In my last post, I was grousing about being snowed in (Carnegie Mellon has been canceled three days and counting) and the need for more operations research in these sorts of situations. I am pleased to see that my own university is taking up the challenge. CMU President Jared Cohon has offered the services of the university to help the city create a state-of-the-art planning and operations system. From an article in the Pittsburgh Post Gazette (and thanks to @bryanroutledge for pointing this out):
[Pittsburgh City Council Member] Mr. Peduto said CMU has offered to marshal faculty, staff and and students to create a “state of the art” snow removal tracking system that identifies priority areas for snow removal, maximizes the use of city equipment and follows through after emergencies with studies to guide budget decisions. It could also include geo-tracking of snow plows and treated streets, which is used in Maryland and elsewhere, he said.
The offer includes help from “the department of engineering and of computer science, the Heinz School” and other CMU departments, said Mr. Peduto, whose district includes the Oakland campus. “They’ve offered the full services of the university to create a better system.”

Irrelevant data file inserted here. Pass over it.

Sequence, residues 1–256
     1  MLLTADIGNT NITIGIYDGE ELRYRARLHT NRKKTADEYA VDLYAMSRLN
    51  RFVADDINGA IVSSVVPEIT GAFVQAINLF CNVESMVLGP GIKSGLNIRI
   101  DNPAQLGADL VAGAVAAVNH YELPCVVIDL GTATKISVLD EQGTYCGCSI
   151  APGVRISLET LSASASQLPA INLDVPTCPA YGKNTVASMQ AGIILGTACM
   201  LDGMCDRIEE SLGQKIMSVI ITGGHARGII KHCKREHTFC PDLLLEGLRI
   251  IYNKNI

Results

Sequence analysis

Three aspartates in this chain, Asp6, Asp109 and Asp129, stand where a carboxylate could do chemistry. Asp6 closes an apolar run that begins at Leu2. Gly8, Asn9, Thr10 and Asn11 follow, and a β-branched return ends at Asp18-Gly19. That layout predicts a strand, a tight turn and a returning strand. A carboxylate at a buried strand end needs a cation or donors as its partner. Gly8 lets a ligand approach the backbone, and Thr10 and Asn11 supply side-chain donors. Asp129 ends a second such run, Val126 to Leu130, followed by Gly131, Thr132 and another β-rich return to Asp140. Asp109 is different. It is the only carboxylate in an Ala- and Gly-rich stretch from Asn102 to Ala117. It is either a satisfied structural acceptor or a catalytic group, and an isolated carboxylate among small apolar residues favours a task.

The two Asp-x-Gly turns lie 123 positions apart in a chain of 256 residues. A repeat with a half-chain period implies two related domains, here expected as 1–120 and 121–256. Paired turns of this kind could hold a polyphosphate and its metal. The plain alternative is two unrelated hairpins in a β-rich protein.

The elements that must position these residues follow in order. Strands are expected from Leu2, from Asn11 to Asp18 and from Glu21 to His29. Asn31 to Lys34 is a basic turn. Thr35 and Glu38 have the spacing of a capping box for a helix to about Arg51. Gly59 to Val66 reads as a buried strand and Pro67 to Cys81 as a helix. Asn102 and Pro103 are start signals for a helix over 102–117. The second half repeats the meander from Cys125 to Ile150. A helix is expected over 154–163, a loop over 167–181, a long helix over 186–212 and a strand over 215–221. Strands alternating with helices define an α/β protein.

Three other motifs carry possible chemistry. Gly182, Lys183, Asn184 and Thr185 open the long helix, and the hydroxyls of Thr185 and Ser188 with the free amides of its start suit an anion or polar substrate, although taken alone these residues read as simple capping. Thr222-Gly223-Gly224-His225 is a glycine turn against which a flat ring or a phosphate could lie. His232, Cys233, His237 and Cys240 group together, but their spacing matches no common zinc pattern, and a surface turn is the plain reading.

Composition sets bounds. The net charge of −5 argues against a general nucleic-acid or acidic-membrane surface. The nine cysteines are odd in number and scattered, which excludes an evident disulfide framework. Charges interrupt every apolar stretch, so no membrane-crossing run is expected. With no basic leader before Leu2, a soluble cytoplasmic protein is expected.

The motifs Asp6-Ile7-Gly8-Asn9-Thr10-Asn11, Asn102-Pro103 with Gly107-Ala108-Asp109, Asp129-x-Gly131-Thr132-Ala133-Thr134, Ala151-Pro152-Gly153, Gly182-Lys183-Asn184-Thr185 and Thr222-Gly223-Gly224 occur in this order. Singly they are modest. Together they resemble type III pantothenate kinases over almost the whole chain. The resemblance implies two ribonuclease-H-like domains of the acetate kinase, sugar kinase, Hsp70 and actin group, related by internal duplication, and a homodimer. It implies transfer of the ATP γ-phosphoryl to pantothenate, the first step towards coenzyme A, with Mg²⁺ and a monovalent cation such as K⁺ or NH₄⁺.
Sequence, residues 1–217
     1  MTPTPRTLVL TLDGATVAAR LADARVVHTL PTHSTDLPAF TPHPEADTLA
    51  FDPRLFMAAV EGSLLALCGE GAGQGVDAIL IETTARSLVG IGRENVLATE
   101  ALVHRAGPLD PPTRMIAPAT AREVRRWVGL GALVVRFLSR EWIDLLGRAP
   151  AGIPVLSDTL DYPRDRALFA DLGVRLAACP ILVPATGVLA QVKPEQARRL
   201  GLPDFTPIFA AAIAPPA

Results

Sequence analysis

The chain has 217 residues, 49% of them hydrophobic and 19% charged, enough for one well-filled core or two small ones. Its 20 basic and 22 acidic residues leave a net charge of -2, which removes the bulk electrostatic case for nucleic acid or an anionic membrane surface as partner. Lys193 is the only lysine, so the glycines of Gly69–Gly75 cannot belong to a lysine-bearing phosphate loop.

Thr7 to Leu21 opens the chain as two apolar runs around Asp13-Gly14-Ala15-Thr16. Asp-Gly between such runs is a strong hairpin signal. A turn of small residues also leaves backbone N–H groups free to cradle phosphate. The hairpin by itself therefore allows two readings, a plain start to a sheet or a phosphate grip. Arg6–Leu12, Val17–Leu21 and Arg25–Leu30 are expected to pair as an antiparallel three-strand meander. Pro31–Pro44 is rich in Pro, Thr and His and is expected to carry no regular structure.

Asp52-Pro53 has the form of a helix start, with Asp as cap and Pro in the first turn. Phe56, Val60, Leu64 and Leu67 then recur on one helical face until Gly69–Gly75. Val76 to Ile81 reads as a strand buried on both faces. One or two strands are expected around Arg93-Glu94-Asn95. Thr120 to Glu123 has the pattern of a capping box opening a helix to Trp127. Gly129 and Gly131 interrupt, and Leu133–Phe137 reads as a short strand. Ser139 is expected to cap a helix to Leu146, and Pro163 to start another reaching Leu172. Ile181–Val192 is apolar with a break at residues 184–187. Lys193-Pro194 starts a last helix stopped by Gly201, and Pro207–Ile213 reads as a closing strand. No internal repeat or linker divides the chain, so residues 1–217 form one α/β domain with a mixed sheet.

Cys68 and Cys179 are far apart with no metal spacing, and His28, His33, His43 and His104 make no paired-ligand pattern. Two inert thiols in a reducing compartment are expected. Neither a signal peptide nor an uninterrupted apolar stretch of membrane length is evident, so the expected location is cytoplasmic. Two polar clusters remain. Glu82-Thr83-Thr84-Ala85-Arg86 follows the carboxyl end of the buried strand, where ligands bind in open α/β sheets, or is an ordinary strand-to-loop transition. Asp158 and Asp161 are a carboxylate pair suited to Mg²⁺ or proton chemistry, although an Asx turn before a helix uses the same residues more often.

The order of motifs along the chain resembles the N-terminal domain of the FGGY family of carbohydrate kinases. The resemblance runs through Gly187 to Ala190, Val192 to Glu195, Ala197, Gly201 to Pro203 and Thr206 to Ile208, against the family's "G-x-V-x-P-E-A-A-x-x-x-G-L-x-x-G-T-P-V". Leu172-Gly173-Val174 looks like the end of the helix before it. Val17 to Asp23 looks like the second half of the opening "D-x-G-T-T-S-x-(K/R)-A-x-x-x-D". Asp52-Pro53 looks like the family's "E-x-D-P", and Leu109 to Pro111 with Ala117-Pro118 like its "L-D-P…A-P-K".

Snow removal has certainly been looked at by those in operations research. For instance, James Campbell of University of Missouri-St. Louis has been working on these problems for more than fifteen years. Even earlier, in 1976, Gene Woolsey wrote on snow removal in a delightful Interfaces article entitled “Three digressions on the routing of trucks” (the article is also available in the wonderful book The Woolsey Papers). In the article, Gene writes about giving a talk to city managers in Colorado:
After my speech, a city manager approached me with the following problem he had been facing for some time. It seems that the city council in his city had some years ago cleverly set the tim for council meetings at 6:00AM on alternate Tuesdays. The reason for this time should be immediately obvious, as it assures that only the citizen who is really upset will rise up to vent his spleen at that hour.
Unfortunately, when it comes to snow removal, lots of people rose early to complain. Gene’s solution?
Find out how the council members get to the council meeting from their homes, and clear those streets first. If you are not already doing this, and you do it in the future, I suspect that the complaints will go down.
That is really an OR snow job! If I had to guess, Pittsburgh discovered this plan years ago. This week’s storm suggests the need for a somewhat more all-encompassing approach.